First of all the driver, a Colombian named Sigifredo, volunteered to take us all the way to Bogata, at least a 14-hour drive. And secondly Sig (his nickname) proved to be overly generous with his money (as computer specialist for the South American Chase Manhattan Banks, he could afford to be).

We took two days to drive to Bogata. Sig refused to let us spend our own money. His son is studying at Columbia University in New York and perhaps Sig wanted to take care of us in the same way he hopes Americans are being kind to his son.

We drove through high hills dotted with coconut trees. Sig pointed out that the coconuts on the trees were no bigger than moth balls. They’re called corozoas and despite their smaller size they have the same qualities as normal coconuts. Clusters of cana brava also decorate the hills. The plant is a variety of sugar cane with the stalk resembling huge green feather plumes.

At Rio Sucios, Sig offered to buy us a Coke. The waiter brought three bottles, one with a straw in it and two glasses. Tom and Sig got the glasses while I got the Coke with a straw.

We asked several young boys for the road to Pereiro, but their directions led us down a dead-end street. When we returned they were all laughing hysterically. No apologies were necessary though, after they reminded Sig that the day, Dec. 28, was Dia de Innocentes, literally meaning day of the innocents, Colombia’s version of our April Fool’s Day.

Later Sig treated us to a typical Colombian meal. Sancocho, the soup, was made from the yucca plant with potatoes added. Mazamola consisted of cold corn in a bowl of cold milk. Sig told us that the poor eat mazola in its own corn juice because milk is too expensive. Arepa was a white corn biscuit. Except for a sizeable chunk of meat, the native dishes were far too starchy for my personal diet.

We finished the meal over a cup of superb Colombian coffee. Black coffee called tinto was always excellent here and generally cost four cents in the small towns. The entire bill for our three meals totaled $1.80.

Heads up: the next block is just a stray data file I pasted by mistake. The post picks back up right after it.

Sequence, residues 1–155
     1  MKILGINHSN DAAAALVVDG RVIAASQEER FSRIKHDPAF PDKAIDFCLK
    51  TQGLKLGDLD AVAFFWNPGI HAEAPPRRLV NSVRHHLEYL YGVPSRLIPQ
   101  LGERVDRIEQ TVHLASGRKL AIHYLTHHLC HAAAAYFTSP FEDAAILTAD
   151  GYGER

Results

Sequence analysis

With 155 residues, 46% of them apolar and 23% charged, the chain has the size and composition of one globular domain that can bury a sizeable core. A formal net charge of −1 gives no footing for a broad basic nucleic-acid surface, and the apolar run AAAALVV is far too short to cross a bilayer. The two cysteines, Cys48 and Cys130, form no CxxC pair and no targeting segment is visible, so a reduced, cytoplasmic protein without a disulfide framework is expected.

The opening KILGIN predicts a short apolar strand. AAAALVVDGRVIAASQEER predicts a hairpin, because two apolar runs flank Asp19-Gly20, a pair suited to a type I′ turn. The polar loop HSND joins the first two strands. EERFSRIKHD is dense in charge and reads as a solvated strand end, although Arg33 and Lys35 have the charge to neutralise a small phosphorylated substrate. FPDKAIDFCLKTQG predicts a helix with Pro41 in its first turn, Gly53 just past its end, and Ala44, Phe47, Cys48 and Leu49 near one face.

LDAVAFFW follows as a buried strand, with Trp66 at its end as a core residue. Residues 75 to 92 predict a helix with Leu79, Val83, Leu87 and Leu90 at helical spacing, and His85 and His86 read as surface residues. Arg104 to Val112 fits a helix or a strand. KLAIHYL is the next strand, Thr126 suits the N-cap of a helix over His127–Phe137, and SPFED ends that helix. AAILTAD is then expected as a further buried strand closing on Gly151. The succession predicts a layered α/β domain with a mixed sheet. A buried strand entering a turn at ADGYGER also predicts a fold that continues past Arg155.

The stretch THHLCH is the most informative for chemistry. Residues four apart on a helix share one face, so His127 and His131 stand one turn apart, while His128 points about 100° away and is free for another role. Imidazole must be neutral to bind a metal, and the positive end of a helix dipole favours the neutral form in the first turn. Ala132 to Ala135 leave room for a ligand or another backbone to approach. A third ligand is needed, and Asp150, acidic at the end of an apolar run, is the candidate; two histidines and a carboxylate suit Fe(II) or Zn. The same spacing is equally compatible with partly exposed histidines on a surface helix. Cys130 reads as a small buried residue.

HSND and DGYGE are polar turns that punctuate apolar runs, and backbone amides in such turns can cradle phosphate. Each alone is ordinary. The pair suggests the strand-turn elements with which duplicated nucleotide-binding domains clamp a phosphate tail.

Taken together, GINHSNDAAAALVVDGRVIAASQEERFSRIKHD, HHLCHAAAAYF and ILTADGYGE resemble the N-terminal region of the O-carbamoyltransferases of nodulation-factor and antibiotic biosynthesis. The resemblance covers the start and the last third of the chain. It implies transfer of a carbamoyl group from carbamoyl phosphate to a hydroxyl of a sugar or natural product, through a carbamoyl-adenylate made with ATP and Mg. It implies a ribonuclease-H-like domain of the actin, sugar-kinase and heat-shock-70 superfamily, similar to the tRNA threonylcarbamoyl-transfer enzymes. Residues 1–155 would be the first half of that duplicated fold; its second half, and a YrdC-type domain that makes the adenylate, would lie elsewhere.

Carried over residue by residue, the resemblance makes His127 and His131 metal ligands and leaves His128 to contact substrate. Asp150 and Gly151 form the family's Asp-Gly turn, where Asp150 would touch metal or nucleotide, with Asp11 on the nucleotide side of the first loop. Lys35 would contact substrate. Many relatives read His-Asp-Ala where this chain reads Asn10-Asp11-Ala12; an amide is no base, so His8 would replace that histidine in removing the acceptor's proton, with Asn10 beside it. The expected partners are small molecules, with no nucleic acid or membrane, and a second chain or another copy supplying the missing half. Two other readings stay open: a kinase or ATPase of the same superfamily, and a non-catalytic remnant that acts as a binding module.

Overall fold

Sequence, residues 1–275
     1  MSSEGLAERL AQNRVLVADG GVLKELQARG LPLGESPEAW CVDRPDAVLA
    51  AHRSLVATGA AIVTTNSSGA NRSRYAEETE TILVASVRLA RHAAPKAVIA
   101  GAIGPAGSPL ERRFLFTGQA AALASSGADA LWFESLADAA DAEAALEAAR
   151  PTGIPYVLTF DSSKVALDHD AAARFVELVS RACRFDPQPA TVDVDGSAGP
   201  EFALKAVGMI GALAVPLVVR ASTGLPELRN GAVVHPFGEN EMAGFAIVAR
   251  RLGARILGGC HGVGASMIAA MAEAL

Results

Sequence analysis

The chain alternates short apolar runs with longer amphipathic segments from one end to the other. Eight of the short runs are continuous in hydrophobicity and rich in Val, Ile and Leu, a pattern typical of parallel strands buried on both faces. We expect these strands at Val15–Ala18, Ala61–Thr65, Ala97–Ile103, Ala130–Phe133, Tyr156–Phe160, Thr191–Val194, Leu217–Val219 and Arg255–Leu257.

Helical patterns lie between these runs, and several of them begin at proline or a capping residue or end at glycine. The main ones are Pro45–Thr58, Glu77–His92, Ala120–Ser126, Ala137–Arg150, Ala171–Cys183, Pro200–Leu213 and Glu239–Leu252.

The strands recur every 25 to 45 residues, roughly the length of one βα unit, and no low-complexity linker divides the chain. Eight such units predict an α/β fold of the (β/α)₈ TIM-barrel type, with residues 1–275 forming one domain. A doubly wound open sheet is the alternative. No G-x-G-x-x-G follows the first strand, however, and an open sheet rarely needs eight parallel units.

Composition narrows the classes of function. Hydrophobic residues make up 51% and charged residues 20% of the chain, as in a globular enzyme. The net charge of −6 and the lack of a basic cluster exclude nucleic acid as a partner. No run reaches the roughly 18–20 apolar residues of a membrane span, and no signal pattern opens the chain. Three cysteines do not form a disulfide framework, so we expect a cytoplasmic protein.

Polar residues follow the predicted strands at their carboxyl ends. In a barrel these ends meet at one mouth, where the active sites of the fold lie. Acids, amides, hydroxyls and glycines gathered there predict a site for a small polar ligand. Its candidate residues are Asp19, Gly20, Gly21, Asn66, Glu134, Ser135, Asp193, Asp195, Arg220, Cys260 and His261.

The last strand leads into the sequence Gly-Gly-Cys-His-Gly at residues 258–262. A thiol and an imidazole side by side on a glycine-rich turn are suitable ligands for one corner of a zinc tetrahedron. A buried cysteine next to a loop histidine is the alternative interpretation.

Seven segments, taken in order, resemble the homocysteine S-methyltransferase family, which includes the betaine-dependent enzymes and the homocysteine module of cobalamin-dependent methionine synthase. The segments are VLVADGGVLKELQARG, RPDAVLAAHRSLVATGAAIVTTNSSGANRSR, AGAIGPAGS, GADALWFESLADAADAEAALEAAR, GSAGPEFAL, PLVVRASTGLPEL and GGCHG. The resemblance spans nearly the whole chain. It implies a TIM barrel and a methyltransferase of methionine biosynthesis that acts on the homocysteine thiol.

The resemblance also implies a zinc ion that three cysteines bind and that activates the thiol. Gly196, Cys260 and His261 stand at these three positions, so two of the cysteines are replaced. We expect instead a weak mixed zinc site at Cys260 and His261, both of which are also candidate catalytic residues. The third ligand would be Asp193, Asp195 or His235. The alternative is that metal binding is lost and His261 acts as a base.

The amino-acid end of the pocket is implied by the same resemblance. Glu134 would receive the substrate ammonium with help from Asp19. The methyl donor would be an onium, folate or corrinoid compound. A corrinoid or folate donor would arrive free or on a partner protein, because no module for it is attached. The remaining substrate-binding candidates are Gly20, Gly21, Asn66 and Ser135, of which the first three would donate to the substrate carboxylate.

The region we traversed the next day gave rise to the great Andes Mountains. However, since it was
only their beginnings the mountains reached only a mere 7,500 feet. At the top the clouds created a white fog, making the curving road very dangerous, compounded by slow-moving cargo trucks that are forced to inch upwards at 10 or 20 m.p.h. Hence, we awoke very early to travel this stretch before the heavy traffic set in.

Before climbing upward, Sig made a pit stop for fuel and we were astounded to learn that gasoline is only 10 pesos (30 cents) a gallon. Apparently Colombia has enough oil to eliminate costly importation and maintain a low price for its people. Yet the people must pay $6,000 for the cheapest new car — Renaults — for which there’s an assembly plant in Colombia. The tax on foreign cars is 300 per cent, giving a Mercedes Benz, for example, a $50,000 price tag.

The stretch of the Andes we crossed was called La Linea. At the bottom of the road there was a Virgin Mary statue with about 15 sparkling candles glowing at her feet. Sig told us that before making the treacherous climb, many truckers light candles in exchange for the Holy Mother’s protection.

After crossing La Linea, we agreed that a candle isn’t a bad idea. It really was a difficult road. There were no gas stations in the mountains and it was not surprising to see overheated cars stalled and parked dangerously on the side of the small road. A bonfire near several trucks indicated the drivers had to spend the night in the cold mountains. Despite the difficulty of crossing La Linea, it was one of the most beautiful drives in terms of scenery.

In April or May each year, a bicycle race takes place on this road — reserved only for those with the stamina, endurance and energy to conquer La Linea by pedal.

After La Linea, we crossed a long flat valley, ascended another mountain range, and then crossed another prairie-like stretch. At last we came to the final mountain climb. At the top, the capital city of Bogota – one of the toughest cities south of the U.S. border awaits two wide-eyed kids from the Benton County cornfields.


First published in the Lafayette Journal & Courier, Lafayette, Indiana, January 30, 1977

POSTMARK:  Colombia


Bogota, capital of Colombia, population exceeding 3.5 million, has the notorious reputation of being one of the most dangerous cities in South America.